TO THE ART STAFF: I am writing because I have noticed an unsettling trend in your cover art--that being an unusually high content of pastel colors. Now don't get me wrong, I am a fan of most colors pastel, but think you may be taking it to far. Is there a reason for your preference, like cheaper ink, or do I just have faulty perception?

the Madan


HEY PHIL BUSSE: Thanks for the nice write-up. ["House Party," Bike-In Theatre, March 15] I'm impressed. I was thinking, "Oh shit, he's not gonna get it." But you did, you got it pretty good. Now I'm thinking, "Oh shit, where's everybody gonna stand? Whose idea was this? What the fuck?"



TO THE MERCURY: Personally, as a local music fan and aspiring musician, I loved the CD [Portland Mercury "Compact Disc of Sound"on sale now, BTW]. You guys fucking rock! These are the bands who are carrying the banner of good music by playing from their hearts and souls. Simon can fuck off [RE: Letters to the Editor, Simon Fell, March 15], and get his Dave Matthews hoodie-sportin' ass outta Portland! Maybe he'd prefer to see Limp Bizkit's lead guitar player and his band, "Dumbass" or whatever when he comes and shakes his cookie-nookie ass at the Roseland.

Daniel Whipple


TO THE EDITOR: [RE: I, Anonymous, in which the writer complains about getting her car towed, March 8]. The facts are that many property owners have constant problems with people believing that they can use their business property at will, leaving bottles, cigarette butts, and other debris in their lot. So the only answer has been to contract one of the towing companies to patrol the lot and keep it cleared of parking violators. People get pretty upset about their car getting towed and want to blame everyone except the person who chose to ignore the warning signs. The property owners have every right to restrict parking, and the towing companies that do this type of work have chosen service to property owners as one of their blocks of business. To refer to the tow drivers as "scavengers" is untrue, unfair, and impolite.

Gary Coe


[The following is a letter from our unpaid soon-to-be- former intern, Josh Woodard. --Editor]

TO THE READERS: For weeks now I have unselfishly provided you, the citizens of the great Portlandia, with a series of informative news pieces free of charge. It is now my turn, however, to beseech just recompense.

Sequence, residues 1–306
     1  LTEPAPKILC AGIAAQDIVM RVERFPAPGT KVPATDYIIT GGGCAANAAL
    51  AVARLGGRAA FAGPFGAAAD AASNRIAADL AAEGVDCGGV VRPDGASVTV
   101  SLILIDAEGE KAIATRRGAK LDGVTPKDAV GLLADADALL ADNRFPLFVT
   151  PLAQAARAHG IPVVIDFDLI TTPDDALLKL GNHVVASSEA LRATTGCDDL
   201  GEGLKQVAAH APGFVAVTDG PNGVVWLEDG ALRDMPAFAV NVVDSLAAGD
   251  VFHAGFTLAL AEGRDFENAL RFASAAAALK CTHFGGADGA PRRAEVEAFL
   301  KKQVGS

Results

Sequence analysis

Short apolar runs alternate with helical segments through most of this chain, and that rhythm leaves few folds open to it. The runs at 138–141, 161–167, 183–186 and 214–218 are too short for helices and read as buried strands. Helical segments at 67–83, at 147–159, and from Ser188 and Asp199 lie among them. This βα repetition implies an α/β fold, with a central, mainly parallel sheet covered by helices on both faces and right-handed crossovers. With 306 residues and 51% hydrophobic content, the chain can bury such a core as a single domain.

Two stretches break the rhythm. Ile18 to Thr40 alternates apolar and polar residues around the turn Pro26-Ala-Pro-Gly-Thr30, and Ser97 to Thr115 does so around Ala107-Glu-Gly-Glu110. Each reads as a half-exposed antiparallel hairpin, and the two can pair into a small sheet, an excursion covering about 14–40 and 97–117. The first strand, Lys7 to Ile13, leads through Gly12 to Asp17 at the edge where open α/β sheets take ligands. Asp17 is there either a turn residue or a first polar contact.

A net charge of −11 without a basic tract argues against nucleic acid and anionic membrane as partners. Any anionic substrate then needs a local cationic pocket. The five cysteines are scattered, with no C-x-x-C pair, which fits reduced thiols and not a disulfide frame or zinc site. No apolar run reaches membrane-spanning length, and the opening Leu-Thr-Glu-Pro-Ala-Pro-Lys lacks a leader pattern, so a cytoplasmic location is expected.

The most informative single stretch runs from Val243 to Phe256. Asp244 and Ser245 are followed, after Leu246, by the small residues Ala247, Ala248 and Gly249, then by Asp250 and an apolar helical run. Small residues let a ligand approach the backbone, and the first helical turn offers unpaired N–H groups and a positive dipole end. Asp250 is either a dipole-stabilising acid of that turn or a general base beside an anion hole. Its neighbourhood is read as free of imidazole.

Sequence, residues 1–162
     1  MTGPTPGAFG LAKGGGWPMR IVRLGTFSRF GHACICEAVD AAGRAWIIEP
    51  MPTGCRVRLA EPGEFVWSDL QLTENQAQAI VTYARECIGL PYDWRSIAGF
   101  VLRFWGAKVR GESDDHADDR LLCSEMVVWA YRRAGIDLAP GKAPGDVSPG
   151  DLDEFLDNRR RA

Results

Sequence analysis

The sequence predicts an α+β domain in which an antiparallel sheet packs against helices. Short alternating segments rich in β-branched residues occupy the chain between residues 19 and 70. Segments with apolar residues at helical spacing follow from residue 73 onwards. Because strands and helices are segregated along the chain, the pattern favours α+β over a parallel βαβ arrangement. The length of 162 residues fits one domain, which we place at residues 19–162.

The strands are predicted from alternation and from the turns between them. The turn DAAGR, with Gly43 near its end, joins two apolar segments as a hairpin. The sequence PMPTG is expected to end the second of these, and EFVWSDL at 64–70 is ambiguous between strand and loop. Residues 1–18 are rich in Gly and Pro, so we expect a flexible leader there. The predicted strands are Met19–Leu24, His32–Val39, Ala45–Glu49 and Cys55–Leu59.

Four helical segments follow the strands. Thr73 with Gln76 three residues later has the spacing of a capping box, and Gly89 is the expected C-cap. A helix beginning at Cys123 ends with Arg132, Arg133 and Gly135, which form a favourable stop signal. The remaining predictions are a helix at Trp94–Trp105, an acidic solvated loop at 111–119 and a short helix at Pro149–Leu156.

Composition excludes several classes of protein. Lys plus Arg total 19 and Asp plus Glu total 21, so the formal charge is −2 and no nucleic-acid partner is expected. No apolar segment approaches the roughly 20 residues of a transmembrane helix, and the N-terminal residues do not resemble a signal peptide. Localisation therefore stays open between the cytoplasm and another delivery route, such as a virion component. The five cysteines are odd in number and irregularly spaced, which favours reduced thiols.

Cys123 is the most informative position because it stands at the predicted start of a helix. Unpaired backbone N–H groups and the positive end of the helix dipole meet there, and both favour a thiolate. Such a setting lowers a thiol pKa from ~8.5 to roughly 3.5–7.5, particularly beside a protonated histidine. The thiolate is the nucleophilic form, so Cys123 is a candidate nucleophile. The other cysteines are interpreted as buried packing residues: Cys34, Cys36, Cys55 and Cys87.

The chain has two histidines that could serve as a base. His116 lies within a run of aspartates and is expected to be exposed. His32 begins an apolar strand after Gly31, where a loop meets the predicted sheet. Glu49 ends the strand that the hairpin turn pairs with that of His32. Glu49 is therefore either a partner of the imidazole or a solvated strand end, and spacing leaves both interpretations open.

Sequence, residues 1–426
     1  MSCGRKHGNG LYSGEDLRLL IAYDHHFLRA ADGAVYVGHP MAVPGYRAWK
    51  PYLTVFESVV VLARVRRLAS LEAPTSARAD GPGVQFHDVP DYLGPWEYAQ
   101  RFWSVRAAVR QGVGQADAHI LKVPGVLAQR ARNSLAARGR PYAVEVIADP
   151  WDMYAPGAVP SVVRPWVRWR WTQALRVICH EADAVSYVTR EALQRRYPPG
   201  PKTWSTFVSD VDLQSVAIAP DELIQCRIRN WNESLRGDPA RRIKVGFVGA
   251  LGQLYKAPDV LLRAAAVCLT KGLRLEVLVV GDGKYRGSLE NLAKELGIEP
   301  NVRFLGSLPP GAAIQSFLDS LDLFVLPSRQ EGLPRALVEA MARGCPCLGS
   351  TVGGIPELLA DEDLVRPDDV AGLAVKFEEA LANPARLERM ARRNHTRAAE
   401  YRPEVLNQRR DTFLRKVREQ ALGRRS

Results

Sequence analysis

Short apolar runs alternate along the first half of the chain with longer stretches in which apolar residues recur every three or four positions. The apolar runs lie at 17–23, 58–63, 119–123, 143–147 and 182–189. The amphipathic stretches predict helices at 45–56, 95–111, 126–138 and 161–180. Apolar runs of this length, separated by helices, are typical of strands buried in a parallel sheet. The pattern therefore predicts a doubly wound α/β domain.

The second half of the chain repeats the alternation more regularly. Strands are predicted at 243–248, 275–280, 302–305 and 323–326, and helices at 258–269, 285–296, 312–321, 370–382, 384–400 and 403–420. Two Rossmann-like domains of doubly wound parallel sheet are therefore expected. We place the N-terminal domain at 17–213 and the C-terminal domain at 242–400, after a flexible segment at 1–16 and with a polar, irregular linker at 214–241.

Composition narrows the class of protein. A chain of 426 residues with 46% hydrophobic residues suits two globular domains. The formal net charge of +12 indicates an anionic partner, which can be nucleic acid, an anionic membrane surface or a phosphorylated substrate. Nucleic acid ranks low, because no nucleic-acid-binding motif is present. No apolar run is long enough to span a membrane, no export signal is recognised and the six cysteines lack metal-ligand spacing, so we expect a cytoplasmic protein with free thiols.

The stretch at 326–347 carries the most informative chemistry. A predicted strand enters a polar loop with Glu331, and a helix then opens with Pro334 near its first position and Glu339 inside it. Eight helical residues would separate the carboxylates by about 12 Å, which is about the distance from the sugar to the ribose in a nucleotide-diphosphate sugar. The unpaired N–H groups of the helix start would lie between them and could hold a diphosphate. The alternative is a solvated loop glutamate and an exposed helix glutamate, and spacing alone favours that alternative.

If I cannot garner at least $8,000 cash up front by May 1st for payment of school tuition, I will be forced to abandon Oregon's second fiddle to the sweatshop symphony: the Mercury.

Perhaps you are thinking to yourself: "$8,000? That sure is a lot of money." Is it though? Let's do the math. If every reader contributes a meager twenty-five cents, I will have already met my goal. Pretty reasonable, right?

Just think, your investment will not only insure a continual flow of news stories; it will also enable me to finish compiling my tell-tale book of life behind the scenes at the Mercury--including stories of sex, betrayal, and Wm. Steve Humphrey's secret pornography ring.

Do not hesitate! Send large amounts of unmarked bills today to:

Josh Woodard
c/o Mercury Intern Education Fund
1524 NW 23rd Ave, Suite #2
Portland, OR 97210

The Mercury responds: As our readers have probably already gathered, the Mercury is looking for a new editorial intern. Send a resume, any writing clips, and letter of intent to "I Want Josh's Job" care of the above address.

We're also happy to report we are now hiring an editorial assistant, who, unlike Josh, will be paid. Check the paper (page 34) for details!

And finally, time is running out to enter the Mercury/Hormel Chili All-Adult Spelling Bee! We've got a cornucopia of great prizes for the winner, and the competition is guaranteed to be a goddam hoot. Pick up the paper and see page 38 for details! Employees of Hormel Chili and the Mercury (especially Josh Woodard) are ineligible.